Take it off!

Well here is something you probably didn’t expect me to write about – nail polish remover! But I discovered Jamberry Nails. I fell in love with their wrap product, and with this comes removal. The lovely lady who introduced me to these wonderful arty nails also told me about how bad Acetone is for your nails and why you wouldn’t want to stick your fingers into something so corrosive… Which prompted me to do some more research…

And gosh do the opinions vary on this. But I did find a few good non-biased articles that just stated the pros and cons.

What is Acetone?
Let’s start with what Acetone actually is. Acetone is a clear, harsh-smelling and highly flammable liquid. It’s a solvent, capable of disintegrating even plastic. This explains why it works so quickly at breaking apart and removing your nail polish. The chemical acetone can be found in many places, as it is produced both naturally by the human body and for industrial use, so there are many opportunities for it to come in contact with a person’s skin. Small amounts of acetone typically do not cause any harm, though some of the chemical may absorb through the skin and enter the bloodstream. At higher concentrations, acetone on skin may cause dryness, redness, and irritation, and if contact continues long term, one may develop dermatitis. Since Acetone on skin can be absorbed into the bloodstream and carried to the rest of the body, it may cause other health issues when the exposure is significant or occurs frequently. Can I just say – this talks about massive exposure, not the amounts you use to clean your nails. So don’t drink it!

Acetone Removers
Acetone is a very powerful solvent and with that is the most effective way to remove nail polish. It simply works the best at removing polish!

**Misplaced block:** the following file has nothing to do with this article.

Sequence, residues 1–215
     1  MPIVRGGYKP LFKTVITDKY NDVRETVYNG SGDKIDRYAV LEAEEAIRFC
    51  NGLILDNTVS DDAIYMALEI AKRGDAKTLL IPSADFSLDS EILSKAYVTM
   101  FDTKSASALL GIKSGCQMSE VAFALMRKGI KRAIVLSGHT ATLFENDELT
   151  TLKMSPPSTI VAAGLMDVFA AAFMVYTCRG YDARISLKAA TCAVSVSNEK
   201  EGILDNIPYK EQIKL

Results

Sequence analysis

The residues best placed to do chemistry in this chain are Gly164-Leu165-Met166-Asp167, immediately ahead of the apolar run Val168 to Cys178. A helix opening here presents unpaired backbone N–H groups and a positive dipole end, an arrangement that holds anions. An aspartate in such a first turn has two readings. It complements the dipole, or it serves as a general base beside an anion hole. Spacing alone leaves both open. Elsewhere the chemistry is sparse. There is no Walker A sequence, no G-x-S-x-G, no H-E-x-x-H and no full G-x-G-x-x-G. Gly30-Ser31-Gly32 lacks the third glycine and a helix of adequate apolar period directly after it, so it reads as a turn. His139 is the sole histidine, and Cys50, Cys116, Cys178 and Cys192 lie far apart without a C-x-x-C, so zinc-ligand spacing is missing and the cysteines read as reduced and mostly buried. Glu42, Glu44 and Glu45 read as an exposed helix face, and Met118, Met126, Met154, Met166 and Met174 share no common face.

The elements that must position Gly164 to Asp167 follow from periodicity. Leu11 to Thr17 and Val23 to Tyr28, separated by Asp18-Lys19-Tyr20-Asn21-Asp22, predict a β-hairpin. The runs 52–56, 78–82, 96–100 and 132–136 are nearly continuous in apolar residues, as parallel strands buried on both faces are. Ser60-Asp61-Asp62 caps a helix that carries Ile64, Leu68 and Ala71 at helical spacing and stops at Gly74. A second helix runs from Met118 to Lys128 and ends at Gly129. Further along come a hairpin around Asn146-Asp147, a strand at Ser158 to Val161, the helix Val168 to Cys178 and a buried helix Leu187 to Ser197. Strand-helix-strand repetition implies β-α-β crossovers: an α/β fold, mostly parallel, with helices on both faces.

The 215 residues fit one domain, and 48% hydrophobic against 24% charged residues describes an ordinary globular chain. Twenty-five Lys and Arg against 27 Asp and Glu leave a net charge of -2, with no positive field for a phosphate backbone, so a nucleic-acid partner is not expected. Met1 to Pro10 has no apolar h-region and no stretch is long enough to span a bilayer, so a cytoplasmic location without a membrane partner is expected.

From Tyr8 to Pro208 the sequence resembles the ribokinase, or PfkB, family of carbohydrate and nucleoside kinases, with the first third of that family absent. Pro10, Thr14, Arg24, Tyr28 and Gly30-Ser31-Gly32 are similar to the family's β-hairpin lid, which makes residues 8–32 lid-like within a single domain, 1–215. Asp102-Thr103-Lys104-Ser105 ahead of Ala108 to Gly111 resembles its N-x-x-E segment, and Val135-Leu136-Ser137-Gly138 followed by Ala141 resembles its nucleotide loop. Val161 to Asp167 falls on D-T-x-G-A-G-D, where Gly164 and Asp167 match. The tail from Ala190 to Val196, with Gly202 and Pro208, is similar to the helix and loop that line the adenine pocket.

Cons: It is very harsh and very drying to nails, cuticles and skin because it also removes the natural oils from your nail and skin. It is essentially a paint stripper and super dry, damaged nails will get drier and more brittle through Acetone exposure.

Verdict: It is best used for infrequent polish removal, really dark polish colours, removing shellac and gel manicures. And if your nails don’t have a problem with Acetone, then don’t stop using it. It is still the fastest way of removing nail polish.

Non-Acetone Polish Remover
Pros: Non-acetone removers use less aggressive solvents like ethyl acetate, isopropyl alcohol and propylene carbonate. These don’t dry out your nails quite as much.

Cons: It just doesn’t work as well as Acetone. You’ll have to scrub for a lot longer and harder to remove your nail polish, especially dark colours. Some arguments say because of this you expose your nails for longer and with this they dry out more than with an Acetone based remover. They won’t work on shellac or gel manicures.

Verdict: Best for frequent polish removal, light polish colours and if you have dry or more sensitive skin and nails.

Nail care
So all in all – nail polish remover is bad for your nails. But you can do things to help your nails recover. For example you can choose a remover that has added moisturising agents like glycerin, panthenol and soy to minimize the drying effect.

Always wash your hands with soap after removing your polish. And then you should wait an hour before polishing your nails again, so the water has time to evaporate from your nails.

Re-moisturise your skin and nails with a quality nail and cuticle oil after your manicure and then twice daily. Or you can just use olive oil for example. I for one use our Alpha-E oil Skin Replenisher (https://www.foreverliving.com/retail/entry/Shop.do?store=GBR&language=en&distribID=440500072227&itemCode=187)

Bottom Line
Acetone is still the most effective way to remove nail polish. Unfortunately, it’s harsh and can dry out skin and nails. While other solvents work, they don’t work as well as Acetone. This means more time that you have to spend rubbing polish off your nails. Whether you choose Acetone or Non-acetone, be sure to moisturise your hands and nails after polish removal to counteract the drying effects of the solvent. I think I might actually buy one of each to use when it is best suited. And while doing this research I also found a load of extra uses of Acetone nail polish remover! Shall be using those for the Tuesday Tips I have on my Facebook page (www.facebook.com/heikeshealthybunch)! So look out for them!


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